Before I started my job, there were no instructional materials provided to online students on how to use the library resources (there also was no distance learning librarian to create instructional materials). Not surprisingly, there were lots of students e-mailing the library every week with access problems and research questions. Students in certain programs — those that really require a lot of research — lambasted the library in their end of semester surveys. We got complaints from students who said they could never figure out how to access the databases, they had no idea which databases to use, and once they found a database for their subject, they didn’t know how to find what they were looking for. Many of the students in these online graduate programs have been out of school a while, so they are not familiar with doing research in online databases. And online databases seem anything but intutitive for someone who has never used them (heck, they don’t seem intuitive to me!).

The first thing I did was design a portal for distance learners to access library resources. This contains information about how to access the library resources and subject pages with links to the best library resources for each subject in which we offer an online degree. There is a link to the portal on the left menu in every WebCT classroom. This is the only way they can access the library resources.

Once I finished the portal I started pushing the idea of integrating library instruction into the curriculum. This was a tough sell. Initially, only one program director really went for the idea so I worked with him for a significant amount of time on creating a comprehensive research guide for his program. Once the other program administrators saw what I’d created, some of them began asking me if I would create things like that for their programs. So I did. I first met with each one of them to discuss their curriculum and where they thought a library tutorial would best fit in. I stressed the importance of tying the tutorial to an assignment. For each program (well, I still have 2 to go) I created guides for the first seminar that students have to take. I designed all but one of them to be tied to an assignment. The administrators all said that they were happy with what I’d created and that it would be helpful for their students.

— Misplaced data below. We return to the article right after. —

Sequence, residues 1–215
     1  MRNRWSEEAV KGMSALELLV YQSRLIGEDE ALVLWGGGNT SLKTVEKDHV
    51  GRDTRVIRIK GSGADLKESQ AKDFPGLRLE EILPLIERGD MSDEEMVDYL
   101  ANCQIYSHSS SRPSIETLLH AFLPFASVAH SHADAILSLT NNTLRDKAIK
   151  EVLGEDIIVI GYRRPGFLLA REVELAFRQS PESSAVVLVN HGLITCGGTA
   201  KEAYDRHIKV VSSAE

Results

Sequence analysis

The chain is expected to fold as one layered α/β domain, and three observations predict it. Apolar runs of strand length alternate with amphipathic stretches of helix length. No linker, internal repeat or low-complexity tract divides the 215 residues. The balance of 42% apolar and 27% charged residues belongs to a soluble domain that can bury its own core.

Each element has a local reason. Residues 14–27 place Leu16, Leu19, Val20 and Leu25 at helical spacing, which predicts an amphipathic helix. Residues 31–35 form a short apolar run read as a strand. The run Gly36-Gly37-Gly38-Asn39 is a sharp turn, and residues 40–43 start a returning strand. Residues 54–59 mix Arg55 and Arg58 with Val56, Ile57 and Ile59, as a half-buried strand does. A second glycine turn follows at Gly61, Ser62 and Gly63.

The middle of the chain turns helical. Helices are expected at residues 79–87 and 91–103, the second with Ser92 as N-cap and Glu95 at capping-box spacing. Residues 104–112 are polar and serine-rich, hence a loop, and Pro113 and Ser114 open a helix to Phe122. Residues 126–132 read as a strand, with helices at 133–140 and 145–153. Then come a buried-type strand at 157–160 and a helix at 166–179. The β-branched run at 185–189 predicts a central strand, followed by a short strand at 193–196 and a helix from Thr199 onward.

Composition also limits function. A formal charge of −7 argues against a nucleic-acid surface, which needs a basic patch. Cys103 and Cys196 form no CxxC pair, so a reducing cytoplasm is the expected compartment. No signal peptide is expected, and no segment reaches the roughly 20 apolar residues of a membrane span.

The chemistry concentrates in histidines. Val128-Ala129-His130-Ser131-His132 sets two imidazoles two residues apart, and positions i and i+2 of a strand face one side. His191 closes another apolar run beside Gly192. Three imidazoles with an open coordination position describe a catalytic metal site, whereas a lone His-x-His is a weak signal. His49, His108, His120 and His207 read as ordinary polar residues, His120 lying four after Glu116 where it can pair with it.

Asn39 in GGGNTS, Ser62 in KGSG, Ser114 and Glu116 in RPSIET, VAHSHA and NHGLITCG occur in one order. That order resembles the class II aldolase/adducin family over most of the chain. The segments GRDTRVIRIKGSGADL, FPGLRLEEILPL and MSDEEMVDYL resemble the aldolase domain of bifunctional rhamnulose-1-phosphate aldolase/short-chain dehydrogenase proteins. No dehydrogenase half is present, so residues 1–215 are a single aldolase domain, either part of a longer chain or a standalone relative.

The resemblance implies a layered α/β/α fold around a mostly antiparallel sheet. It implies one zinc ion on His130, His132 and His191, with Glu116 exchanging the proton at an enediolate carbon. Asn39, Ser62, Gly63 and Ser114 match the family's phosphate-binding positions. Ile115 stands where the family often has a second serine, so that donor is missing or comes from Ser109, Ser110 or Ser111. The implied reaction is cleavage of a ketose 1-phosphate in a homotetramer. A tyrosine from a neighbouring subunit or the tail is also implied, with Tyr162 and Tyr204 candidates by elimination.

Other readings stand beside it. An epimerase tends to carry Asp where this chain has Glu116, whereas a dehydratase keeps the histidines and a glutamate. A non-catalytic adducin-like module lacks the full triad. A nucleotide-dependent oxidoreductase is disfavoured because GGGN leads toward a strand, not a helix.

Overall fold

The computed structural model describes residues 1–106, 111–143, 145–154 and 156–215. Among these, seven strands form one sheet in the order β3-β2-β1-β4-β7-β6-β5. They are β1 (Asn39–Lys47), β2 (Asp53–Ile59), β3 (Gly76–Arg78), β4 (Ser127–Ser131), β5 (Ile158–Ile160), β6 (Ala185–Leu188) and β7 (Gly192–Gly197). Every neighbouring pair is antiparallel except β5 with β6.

Strangely, in one program I continued to get questions that were answered in the tutorials. Over and over again. I spoke to a few patrons in one program and asked them “have you gone through the library tutorial?” And all of them told me that they had no idea that there was a tutorial. So I went into their classroom and looked for it. And it took me a long time to find it. Not only was it not required; it wasn’t even easy to find! Even the instructors didn’t seem know about the tutorial, which means that they couldn’t market it to their students. Not surprisingly, when I looked at my Web stats, I found that almost no one was using the tutorial for that program.

Looking at my Web stats, I found the same situation with two of the other tutorials I’d created. No one was using them. And they were equally buried in the courseware. However, there were two tutorials that had quite impressive statistics. The first one was the program I had worked with initially. They decided not to make the tutorial a required reading, but the program administrator enthusiastically pushes the tutorial — and the library — to all of his instructors and students. The second program made the tutorial a required reading for week 1 of the first class and for their discussion question that week, students are required to use the databases.